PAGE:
Peripheral vs. Central Vertigo – Learn the Difference

Distinguishing if the dizzy patient has Peripheral vs. Central Vertigo is the first step in helping a dizzy patient. This distinction makes all the difference in how they are treated and ultimately indicates the severity of one’s situation.

Peripheral vs. Central Vertigo

Central Dizziness is classified when there are issues with a patient’s brainstem and/or cerebellum.

Peripheral Dizziness is classified when there are issues with the vestibular apparatus and/or vestibular nerve which is located in the inner ear.

The breakdown of vestibular dizziness cases is approximately 90% Peripheral and 10% Central.

Central Dizziness

Some of the conditions associated with Central Dizziness include:

  • Stroke
  • Multiple Sclerosis
  • Brain Tumor

Peripheral Dizziness

The common conditions associated with Peripheral Dizziness include:

  • BPPV (Benign Paroxysmal Positional Vertigo)
  • Meniere’s Disease
  • Labrynthitis
  • Vestibular Neuritis
  • Perilymph Fistula

How We Differentiate The Two

The signs that Central Dizziness might be at play:

  • In the Brainstem: headache, dysarthria, diplopia, focal weakness, or sensory loss in the face or limbs
  • In the Cerebellum: incoordination (limb ataxia with intention tremor and terminal dysmetria on the same side)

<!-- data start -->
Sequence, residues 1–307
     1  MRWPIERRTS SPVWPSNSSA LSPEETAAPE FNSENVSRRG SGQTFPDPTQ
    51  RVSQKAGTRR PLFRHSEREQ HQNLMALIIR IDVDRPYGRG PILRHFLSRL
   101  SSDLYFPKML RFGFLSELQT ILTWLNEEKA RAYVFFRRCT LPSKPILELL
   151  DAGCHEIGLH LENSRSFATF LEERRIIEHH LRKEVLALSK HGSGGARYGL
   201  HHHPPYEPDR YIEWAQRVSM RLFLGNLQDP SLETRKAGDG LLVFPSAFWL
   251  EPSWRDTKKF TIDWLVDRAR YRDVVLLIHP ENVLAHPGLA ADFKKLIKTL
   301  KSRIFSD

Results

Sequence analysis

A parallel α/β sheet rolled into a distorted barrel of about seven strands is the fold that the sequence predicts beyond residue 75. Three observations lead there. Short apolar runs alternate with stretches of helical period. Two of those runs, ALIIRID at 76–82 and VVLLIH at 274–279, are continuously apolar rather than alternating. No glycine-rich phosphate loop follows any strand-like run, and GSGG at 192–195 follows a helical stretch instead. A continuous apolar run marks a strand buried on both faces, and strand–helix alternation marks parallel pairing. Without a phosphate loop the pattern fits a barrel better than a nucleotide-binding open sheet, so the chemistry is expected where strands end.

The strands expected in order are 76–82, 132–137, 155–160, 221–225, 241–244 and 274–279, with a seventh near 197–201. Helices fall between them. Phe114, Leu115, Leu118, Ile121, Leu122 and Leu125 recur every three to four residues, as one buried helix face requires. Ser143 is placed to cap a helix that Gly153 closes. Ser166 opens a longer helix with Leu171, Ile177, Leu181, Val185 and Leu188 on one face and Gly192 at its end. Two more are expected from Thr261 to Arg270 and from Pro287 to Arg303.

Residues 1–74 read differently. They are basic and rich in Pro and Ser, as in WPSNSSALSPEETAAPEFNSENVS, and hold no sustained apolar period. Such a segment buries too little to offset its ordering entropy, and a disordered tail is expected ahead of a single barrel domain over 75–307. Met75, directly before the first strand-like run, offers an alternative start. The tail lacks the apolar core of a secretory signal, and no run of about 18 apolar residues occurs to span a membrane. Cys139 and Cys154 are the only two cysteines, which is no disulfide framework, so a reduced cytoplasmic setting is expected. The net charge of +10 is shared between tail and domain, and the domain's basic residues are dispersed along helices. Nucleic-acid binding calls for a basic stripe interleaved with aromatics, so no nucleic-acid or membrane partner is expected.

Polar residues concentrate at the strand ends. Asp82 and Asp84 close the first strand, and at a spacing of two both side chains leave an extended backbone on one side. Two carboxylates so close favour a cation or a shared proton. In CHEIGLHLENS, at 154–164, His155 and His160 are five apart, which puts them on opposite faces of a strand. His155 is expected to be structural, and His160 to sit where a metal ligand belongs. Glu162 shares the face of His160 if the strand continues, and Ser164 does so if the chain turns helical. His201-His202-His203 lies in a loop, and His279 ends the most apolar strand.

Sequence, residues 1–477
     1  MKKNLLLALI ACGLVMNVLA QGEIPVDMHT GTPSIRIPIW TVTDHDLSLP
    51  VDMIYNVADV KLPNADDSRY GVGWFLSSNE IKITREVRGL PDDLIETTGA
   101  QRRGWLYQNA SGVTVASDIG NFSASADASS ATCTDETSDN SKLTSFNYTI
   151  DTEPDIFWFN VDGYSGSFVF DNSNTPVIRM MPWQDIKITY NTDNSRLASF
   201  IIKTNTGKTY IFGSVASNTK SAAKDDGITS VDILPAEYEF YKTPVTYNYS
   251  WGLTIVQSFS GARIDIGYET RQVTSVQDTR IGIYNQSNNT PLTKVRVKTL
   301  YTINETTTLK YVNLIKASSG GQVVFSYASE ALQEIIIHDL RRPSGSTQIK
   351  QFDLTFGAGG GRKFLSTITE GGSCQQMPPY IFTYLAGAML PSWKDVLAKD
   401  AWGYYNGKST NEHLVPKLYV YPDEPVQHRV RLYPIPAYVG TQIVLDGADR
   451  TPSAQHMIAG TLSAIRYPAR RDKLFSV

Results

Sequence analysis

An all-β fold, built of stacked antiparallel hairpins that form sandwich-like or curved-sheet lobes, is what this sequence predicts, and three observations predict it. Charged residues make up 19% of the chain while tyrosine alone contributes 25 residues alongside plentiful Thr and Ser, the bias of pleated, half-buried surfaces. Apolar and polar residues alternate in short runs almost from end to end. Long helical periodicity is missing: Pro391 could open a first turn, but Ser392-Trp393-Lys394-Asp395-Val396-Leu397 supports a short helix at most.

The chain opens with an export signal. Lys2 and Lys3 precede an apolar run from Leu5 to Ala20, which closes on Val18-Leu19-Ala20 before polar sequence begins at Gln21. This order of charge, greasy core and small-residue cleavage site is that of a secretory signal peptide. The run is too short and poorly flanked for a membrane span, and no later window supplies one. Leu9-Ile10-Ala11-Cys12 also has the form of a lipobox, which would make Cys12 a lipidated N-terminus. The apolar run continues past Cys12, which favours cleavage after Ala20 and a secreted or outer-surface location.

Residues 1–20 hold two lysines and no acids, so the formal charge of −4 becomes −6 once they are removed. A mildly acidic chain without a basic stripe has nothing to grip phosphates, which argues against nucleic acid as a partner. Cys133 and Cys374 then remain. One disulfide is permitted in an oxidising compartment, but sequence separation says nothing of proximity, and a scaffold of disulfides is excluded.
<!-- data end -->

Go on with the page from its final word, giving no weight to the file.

The signs that Peripheral Dizziness might be at play:

  • Vertigo — sense of spinning
  • Nystagmus — uncontrollable eye shakiness
  • Tinnitus — ear ringing
  • Ear pain or fullness
  • Sensorineural hearing loss

What To Do Now?

Dizzy patients should consult their Primary Care Physician first, as they’re a great resource for ruling out many of the benign causes of dizziness — dehydration, high blood pressures, among other causes.

The next resource would be a Vestibular Specialist. They’re the most well-equipped to diagnose and treat Peripheral Dizziness. However, they’re also adept at determining when Central Dizziness is a high possibility and can point you in the right direction.

If you or someone you know experiences dizziness and is ready to see a Vestibular Specialist, please give us a call at (310) 954–2207 or schedule an appointment with one of our balance specialists.

The Dizzy & Vertigo Institute specializes in bringing dizzy patients back to an asymptomatic life. We’re located in Los Angeles, California and have options for you if you live in another state.

We look forward to hearing from you!

2 Comments

  1. Bill Sanchez on June 7, 2021 at 10:32 pm

    Does insurance cover the treatments you offer for vertigo

    • Dizzy & Vertigo Institute on June 13, 2021 at 1:44 pm

      We are an out-of-network provider, Bill, so unfortunately we do not accept very many insurance policies. However, it’s best if you call our office at (310) 954-2207 so we can check your specific policy.

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